Saturday, October 26, 2013

A Massive Archive of Emily Dickinson's Poetry Now Available Online

Photo courtesy of the New York Times

An awesome accomplishment, here. Emily Dickinson's poetry has been made available through an online archive and quite the collaboration between different parties who own the rights to her poems. With this, we get to see her work in her own hand writing. For an article about this, via The New York Times, click here. To view the immense archive, click here.

And here are a few of my favorite Dickinson poems:


I took my power in my hand
And went against the world;
'T was not so much as David had,
But I was twice as bold.

I aimed my pebble, but myself
Was all the one that fell.
Was it Goliath was too large,
Or only I too small?


Before I got my eye put out,
I liked as well to see
As other creatures that have eyes,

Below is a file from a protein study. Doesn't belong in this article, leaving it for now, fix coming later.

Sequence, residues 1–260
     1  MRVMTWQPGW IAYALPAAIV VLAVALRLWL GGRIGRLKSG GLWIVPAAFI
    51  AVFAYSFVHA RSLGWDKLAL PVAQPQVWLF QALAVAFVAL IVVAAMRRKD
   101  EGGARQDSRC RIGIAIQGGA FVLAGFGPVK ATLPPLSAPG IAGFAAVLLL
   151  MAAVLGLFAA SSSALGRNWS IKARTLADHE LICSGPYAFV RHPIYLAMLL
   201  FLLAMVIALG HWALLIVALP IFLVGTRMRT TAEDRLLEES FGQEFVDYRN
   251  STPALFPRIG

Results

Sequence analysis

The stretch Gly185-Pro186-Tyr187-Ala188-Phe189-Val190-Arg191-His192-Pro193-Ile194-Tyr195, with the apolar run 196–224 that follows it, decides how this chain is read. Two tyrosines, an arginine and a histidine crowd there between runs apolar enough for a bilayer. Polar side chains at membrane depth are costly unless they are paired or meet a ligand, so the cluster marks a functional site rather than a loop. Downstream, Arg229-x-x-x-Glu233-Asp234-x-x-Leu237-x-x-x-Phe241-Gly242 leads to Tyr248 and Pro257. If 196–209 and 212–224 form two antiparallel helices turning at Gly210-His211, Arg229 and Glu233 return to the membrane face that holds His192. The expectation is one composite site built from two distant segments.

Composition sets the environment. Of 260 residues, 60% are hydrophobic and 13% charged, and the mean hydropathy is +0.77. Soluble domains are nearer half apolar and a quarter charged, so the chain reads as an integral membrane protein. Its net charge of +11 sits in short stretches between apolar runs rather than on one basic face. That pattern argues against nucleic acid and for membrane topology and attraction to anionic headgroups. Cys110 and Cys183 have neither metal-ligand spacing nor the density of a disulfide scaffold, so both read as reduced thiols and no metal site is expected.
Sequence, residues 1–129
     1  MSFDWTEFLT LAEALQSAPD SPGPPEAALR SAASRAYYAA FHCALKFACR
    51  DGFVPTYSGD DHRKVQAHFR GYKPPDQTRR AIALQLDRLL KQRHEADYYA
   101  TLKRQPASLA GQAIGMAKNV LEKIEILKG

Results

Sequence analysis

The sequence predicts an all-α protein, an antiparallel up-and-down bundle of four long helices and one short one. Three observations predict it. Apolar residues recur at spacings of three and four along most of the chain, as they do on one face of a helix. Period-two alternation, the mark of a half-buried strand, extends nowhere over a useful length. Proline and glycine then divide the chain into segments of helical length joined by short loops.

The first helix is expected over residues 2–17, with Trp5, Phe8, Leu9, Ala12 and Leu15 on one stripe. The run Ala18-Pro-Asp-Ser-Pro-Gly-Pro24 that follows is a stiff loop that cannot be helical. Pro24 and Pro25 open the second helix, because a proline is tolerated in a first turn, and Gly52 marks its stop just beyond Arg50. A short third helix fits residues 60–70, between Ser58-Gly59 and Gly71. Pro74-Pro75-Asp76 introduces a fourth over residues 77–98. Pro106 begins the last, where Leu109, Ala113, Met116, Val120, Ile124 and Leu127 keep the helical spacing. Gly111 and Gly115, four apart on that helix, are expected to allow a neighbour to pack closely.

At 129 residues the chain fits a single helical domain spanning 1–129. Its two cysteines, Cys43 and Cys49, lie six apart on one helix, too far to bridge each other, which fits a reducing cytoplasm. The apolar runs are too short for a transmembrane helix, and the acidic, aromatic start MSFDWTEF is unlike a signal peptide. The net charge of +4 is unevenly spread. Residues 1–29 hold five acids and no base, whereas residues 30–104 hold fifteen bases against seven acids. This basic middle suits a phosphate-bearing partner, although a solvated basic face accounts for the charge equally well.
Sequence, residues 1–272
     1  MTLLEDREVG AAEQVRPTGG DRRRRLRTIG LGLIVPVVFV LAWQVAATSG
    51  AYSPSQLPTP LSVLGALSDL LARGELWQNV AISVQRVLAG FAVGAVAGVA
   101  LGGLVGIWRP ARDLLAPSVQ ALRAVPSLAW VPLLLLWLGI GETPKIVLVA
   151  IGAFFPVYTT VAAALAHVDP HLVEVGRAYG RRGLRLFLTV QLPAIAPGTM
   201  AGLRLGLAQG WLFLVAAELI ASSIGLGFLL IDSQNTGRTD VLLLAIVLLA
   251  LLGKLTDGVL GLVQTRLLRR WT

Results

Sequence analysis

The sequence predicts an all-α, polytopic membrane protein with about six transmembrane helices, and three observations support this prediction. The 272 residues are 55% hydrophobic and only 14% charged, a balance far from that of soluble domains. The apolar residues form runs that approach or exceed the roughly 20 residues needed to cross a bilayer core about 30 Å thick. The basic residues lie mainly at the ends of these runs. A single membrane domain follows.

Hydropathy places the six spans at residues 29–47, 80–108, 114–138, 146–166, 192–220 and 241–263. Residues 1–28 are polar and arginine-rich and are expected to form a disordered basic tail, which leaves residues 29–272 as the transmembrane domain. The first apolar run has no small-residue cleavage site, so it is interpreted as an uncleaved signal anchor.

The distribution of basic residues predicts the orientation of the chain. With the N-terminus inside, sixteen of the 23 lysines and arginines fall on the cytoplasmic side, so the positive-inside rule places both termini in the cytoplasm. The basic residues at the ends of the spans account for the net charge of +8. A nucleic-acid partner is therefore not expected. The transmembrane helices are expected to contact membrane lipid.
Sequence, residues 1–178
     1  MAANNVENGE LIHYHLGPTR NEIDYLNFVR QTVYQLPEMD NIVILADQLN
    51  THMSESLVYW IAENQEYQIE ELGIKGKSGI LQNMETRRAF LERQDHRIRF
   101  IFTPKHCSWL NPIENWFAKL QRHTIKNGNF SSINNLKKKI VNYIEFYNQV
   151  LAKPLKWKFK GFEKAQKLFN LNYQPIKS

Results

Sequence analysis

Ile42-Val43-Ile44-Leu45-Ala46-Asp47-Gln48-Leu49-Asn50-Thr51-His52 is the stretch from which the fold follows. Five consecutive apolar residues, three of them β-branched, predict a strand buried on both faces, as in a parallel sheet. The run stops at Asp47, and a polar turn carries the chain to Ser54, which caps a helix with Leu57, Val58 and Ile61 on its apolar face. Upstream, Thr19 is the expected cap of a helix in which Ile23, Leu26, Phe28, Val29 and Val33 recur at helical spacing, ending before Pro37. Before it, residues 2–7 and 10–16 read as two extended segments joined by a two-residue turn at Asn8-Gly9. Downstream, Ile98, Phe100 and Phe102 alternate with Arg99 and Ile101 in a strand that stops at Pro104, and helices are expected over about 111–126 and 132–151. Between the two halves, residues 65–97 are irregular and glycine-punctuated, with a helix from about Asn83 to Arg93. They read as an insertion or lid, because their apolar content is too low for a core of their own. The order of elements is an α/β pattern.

And know no other way.

But were it told to me, to-day,
That I might have the sky
For mine, I tell you that my heart
Would split, for size of me.

The meadows mine, the mountains mine,—
All forests, stintless stars,
As much of noon as I could take
Between my finite eyes.

The motions of the dipping birds,
The lightning's jointed road,
For mine to look at when I liked,—
The news would strike me dead!

So, safer, guess, with just my soul
Upon the window-pane
Where other creatures put their eyes,
Incautious of the sun.


Prayer is the little implement
Through which men reach
Where presence is denied them
They fling their speech

By means of it in God's ear;
If then He hear,
This sums the apparatus
Comprised in prayer.

(a side note: Emily Dickinson never wrote out titles to her poems, so I have numbered them according to their order in this blog post, not the order she wrote them in)

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